Babli’s (Tamannaah) father runs a successful akhada in their Haryana village. The USP of the gym is that it successfully churns out bouncers bound for Delhi clubs year after year. Babli has grown up around pehalwans, knows all their tricks and can lift as much, if not more, weight as them. She’s a tomboy supreme who talks to her buffaloes, likes to drink copious amounts of lassi, eats 12 rotis at one go and loves riding a Bullet. She’s smitten by the phoren returned son of her former class teacher. She finds out he’s based in Delhi, convinces her father that she wants to work as a female bouncer and lands up there. She becomes friends with him but after a while realises there’s a huge gap between them. This moment of epiphany convinces her to better herself. She starts learning English and even completes her 10th successfully after so many years. And also realises that she doesn’t need a man to complete herself.
Babli Bouncer got struck, thanks to the coronavirus. It’s finally seeing an OTT release. Its feel-good recipe is just right for the medium. Madhur Bhandarkar is known for his dark, edgy, slice of life films, so it’s a surprise to see him making an attempt at action comedy. It’s his mildest film yet. In fact, the grim start of the film convinces you that you’re in for a gritty ride but barring that, the film is all sunshine and positivity. A woman wanting to become a bouncer – that’s kind of unusual but alas the film doesn’t go beyond the one-line plot. Being a trained wrestler herself, she takes no time to become a bouncer. But then what? Yes, she goes through a journey of self-discovery but we have seen it all before. The film reiterates the point that it’s important for girls to earn their own money and wait for real love to happen, instead of giving in to attraction. And that they should learn to love themselves first as accepting yourself as you are is the key to fulfilment.
Most of the dialogue in the film is in chaste Haryanvi, especially in the earlier portions. That takes getting used to. The writers have tried to keep things real. Abhishek Bajaj’s character doesn’t fall in love with gaon ki gori but finds her uncouth and doesn’t hesitate from saying so. Sahil Vaid plays the childhood bestie who secretly carries a torch for Babli. He risks a heartbreak and blurts out his feelings, instead of keeping them bottled and suffering in silence. Babli’s character is full of quirks and idiosyncrasies. While she does want to polish herself and finish her education, she also realises it’s her eccentricity that makes her unique.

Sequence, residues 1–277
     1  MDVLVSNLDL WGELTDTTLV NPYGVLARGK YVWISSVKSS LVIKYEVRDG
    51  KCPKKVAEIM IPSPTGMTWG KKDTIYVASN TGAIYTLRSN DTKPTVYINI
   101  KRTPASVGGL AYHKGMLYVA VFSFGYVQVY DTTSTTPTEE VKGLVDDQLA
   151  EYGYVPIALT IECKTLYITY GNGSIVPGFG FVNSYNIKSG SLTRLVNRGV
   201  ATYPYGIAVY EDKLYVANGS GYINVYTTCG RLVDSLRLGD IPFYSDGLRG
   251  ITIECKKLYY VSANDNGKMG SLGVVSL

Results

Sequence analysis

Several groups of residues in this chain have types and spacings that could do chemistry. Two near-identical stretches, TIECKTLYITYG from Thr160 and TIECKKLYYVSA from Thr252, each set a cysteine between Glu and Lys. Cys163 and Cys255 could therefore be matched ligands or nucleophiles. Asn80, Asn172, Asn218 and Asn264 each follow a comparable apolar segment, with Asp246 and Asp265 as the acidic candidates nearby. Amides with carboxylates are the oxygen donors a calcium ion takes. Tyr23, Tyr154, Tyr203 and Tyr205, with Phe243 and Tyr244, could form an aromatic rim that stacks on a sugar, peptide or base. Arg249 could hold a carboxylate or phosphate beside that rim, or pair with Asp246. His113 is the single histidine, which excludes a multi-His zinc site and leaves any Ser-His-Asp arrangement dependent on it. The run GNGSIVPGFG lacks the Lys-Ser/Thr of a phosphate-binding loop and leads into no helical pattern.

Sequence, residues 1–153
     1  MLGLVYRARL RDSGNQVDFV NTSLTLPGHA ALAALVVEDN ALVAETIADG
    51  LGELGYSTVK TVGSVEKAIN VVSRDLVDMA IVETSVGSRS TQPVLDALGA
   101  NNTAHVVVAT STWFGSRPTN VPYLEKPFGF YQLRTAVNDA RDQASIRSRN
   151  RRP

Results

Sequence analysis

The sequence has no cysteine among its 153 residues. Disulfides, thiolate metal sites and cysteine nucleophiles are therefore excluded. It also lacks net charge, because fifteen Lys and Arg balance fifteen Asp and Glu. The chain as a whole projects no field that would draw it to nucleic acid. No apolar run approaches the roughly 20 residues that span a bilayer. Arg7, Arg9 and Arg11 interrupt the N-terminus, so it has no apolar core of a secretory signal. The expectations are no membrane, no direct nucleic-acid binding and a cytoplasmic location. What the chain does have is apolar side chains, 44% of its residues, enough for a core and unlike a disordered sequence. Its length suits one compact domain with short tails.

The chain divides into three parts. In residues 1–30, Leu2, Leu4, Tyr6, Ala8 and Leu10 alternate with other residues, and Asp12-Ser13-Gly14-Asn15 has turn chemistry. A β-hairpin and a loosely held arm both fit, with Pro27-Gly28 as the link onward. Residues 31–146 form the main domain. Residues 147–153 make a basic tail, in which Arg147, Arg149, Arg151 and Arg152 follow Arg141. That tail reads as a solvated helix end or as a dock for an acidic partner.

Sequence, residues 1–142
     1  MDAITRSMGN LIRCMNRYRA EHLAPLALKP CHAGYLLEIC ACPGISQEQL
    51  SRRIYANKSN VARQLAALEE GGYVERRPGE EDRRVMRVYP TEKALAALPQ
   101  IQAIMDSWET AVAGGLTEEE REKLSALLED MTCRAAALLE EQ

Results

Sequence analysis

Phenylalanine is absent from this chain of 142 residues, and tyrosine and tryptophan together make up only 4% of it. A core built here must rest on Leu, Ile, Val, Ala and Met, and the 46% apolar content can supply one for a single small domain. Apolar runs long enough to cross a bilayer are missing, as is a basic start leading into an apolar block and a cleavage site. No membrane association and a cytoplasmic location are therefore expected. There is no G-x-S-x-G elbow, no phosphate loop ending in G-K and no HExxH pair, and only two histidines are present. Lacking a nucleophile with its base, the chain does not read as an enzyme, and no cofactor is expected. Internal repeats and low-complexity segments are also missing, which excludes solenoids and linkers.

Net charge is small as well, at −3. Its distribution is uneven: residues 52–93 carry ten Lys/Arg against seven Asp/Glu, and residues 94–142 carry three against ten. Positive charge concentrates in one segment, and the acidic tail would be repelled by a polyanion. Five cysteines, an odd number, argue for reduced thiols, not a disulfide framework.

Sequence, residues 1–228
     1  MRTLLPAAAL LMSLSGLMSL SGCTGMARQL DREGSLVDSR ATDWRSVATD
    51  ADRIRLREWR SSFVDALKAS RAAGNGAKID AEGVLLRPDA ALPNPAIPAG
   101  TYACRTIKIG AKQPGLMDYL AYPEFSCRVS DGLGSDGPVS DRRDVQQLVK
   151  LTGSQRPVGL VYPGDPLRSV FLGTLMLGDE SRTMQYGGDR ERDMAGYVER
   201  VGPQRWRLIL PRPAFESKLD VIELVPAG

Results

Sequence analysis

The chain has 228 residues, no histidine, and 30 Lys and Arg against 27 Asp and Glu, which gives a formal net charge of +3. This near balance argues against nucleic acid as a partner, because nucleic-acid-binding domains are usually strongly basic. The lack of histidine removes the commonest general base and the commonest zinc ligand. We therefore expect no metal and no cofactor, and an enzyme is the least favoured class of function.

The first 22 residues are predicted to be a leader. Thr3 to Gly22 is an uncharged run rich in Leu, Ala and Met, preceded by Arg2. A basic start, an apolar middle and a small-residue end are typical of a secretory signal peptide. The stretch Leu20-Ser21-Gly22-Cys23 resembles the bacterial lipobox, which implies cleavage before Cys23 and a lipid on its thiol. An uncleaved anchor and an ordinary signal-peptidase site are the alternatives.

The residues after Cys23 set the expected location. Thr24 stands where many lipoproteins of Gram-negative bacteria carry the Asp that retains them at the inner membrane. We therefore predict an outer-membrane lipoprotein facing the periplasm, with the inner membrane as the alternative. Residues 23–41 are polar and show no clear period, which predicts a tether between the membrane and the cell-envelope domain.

The role was written for Tamannaah and one can see she’s having fun essaying it. She’s known for her acting prowess down South but in the Hindi industry, her films such as Himmatwala and Humshakals didn’t create any magic. So Babli Bouncer is a comeback film for her in Hindi cinema. She grabs the chance with both hands and runs with it. Her Haryanvi accent is spot on and so is the comic timing. She makes Babli entirely believable and never deviates from character. The action sequences involving her feel real and don’t look like the usual superhuman stunts seen in our films. It’s time Hindi filmmakers took notice of her talent. Tamannaah‘s the best thing about the film and carries it on her shoulders. Watch the film for her natural acting and for its empowering message.Quick take: Babli Bouncer is a coming-of-age film with a twist. Continue reading …Read More